Politics, World

Putin calls on uniting efforts against global challenges

Russian military chiefs accuse NATO of escalating confrontation, moving alliance's infrastructure to Russian borders

Elena Teslova   | 23.06.2021
Putin calls on uniting efforts against global challenges

MOSCOW

Russian President Vladimir Putin called on Wednesday to unite international efforts against the global challenges, including regional armed conflicts, the risks of proliferation of weapons of mass destruction, activities of cross-border criminal groups, drug trafficking, cybercrime, and international terrorism.

The global character of the challenges demands that all states join their efforts and work, based on international law and the UN Charter goals and principles, Putin said in his address to the participants of the Moscow Conference on International Security.

Putin stressed that the UN, created to prevent a new world war, has been and remains the foundation of the international relations system.

Russia, for its part, proposed to develop a new “security equation,” that would take into account "all the factors influencing strategic stability in their interconnection" and would lift mutual concerns, Putin noted.

Moscow's major security concern is over the continuous build-up of NATO’s military potentials and infrastructure in the vicinity of Russian borders, as well as the alliance's unwillingness to consider "in a constructive manner" Russia's proposals on de-escalating the tension and reducing the risk of unpredictable incidents, the president said.

Putin also paid attention to the importance of regional conflicts' settlement, adding that his country never forgets its responsibility for the security and prosperity of neighboring countries.

Security situation in Europe

Echoing Putin, Defense Minister Sergey Shoygu said the security situation in Europe is "explosive" and requires de-escalation.

The minister regretted that NATO rejected Russia's proposals about non-holding military exercises near each other's borders and announcing a moratorium for the deployment of intermediate- and short-range missiles that can be equipped with both conventional and nuclear warheads.

Shoygu suggested organizing cross-inspections for checking the missile sites to restore trust and resolve mutual concerns, and to improve the legal framework for preventing incidents in the actions of aircraft and ship crews.

According to Shoygu, there is a steady trend in Europe to strengthen the military confrontation with Russia, and some countries, particularly Ukraine, intentionally push NATO to an escalation with Moscow.

"The NATO summit, held in Brussels on June 14, confirmed the transformation of the bloc from a regional to a global military-political alliance, with the main task to contain Russia and China," he said.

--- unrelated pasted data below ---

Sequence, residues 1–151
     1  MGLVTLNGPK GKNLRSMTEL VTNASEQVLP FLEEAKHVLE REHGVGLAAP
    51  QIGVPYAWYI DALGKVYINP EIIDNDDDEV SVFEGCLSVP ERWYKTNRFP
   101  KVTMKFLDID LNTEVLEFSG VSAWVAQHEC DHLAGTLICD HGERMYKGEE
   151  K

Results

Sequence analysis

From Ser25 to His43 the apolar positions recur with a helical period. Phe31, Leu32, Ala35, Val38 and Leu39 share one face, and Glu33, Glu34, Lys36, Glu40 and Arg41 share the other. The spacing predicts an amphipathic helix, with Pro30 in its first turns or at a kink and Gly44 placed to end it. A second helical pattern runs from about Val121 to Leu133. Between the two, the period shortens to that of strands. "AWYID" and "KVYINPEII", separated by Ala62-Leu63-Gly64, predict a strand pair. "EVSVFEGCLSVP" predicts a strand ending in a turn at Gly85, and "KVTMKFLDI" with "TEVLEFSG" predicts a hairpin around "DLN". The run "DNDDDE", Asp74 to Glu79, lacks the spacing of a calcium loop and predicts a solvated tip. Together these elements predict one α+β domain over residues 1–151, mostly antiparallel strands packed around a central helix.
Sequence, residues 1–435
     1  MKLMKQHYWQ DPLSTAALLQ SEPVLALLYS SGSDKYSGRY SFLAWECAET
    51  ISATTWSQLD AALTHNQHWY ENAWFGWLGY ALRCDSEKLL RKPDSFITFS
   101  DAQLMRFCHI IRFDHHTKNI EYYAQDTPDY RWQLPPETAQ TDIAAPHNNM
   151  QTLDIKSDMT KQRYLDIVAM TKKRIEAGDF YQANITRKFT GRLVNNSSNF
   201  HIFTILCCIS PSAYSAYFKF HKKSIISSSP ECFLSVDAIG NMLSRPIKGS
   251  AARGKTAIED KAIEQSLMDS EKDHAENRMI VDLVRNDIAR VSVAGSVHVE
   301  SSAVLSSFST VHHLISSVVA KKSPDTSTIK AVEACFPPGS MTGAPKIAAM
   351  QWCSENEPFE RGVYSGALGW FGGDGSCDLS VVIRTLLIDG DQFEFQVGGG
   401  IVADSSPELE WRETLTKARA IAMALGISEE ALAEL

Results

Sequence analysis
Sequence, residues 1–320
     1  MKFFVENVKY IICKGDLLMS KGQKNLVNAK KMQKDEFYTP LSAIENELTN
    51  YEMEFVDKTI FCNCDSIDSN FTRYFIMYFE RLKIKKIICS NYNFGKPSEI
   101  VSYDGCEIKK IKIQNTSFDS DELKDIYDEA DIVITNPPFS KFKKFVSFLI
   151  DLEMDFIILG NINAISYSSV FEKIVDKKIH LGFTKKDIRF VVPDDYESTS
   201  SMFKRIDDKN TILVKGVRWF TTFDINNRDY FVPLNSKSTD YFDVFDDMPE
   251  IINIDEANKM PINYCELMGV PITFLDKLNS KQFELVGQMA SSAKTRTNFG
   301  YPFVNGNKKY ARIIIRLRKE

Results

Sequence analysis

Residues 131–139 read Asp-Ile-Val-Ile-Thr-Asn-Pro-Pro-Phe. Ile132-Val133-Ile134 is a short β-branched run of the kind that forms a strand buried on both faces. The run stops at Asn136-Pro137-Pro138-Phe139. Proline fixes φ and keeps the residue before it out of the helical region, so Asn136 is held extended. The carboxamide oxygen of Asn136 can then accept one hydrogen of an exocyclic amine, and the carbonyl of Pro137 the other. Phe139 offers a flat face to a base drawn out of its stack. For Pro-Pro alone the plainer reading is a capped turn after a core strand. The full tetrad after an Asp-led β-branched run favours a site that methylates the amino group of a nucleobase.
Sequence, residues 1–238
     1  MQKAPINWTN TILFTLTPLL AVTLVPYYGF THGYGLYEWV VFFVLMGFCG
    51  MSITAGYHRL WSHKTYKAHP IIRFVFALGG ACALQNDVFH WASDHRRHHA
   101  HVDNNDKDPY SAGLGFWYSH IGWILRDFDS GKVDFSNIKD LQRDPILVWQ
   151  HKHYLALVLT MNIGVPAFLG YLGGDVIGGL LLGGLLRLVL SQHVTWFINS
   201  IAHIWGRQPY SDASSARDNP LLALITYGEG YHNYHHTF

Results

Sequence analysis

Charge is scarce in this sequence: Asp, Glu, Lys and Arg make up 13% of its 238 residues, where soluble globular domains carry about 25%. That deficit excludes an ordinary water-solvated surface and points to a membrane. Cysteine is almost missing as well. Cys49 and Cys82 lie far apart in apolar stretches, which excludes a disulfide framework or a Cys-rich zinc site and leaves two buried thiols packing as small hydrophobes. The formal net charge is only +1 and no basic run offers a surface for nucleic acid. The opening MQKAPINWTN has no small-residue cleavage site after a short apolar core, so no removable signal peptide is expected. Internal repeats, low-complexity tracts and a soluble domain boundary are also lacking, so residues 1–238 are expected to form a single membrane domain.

Shoygu added that the decisions were taken at the NATO summit on increasing the military expenses and improving the nuclear deterrence potential.

"At the same time, the formal dialogue that Brussels proposes to continue under the NATO-Russia Council does not reduce the tension in bilateral relations," he stressed.

The minister noted that the issues of the security situation in Europe largely depend on the position of the US, the time has come to address them, taking into account the concerns and interests of each party.

For his part, Chief of the Russian General Staff Valery Gerasimov said the only existing arms control agreement -- the Strategic Arms Reduction Treaty -- creates conditions for continuing the dialogue on strategic stability.

He also noted that the new hypersonic and kinetic weapons that blur the edges between conventional and nuclear arms will determine the issues of strategic stability in the future.

Gerasimov mirrored Putin and Shoygu, saying NATO moves its military infrastructure towards the Russian borders: first, it carried out air patrolling, now its navy and ground forces are in action, too.

Ships equipped with high-precision long-range missile weapons operate almost on a permanent basis in the Black and Baltic Seas, flights of reconnaissance, patrol, and strike aircraft, as well as unmanned aerial vehicles, are being carried out, some 10,000 people are permanently deployed in Eastern Europe, and the US continues deployment of the missile launchers, he said.

After the US withdrawal from the Intermediate-Range Nuclear Forces Treaty, Russia does not exclude that Washington can set up in Europe missiles that can reach Russia, Gerasimov said.

Gerasimov stressed that the Russian military policy has a defensive character, and his country can use nuclear weapons only in response to the use of nuclear and other weapons of mass destruction against it or its allies, or in case of aggression that questions the very existence of Russia.

He also promised that Russia remains committed to the non-proliferation of nuclear and other mass destruction weapons and will work on creating a comprehensible and sustainable security system.

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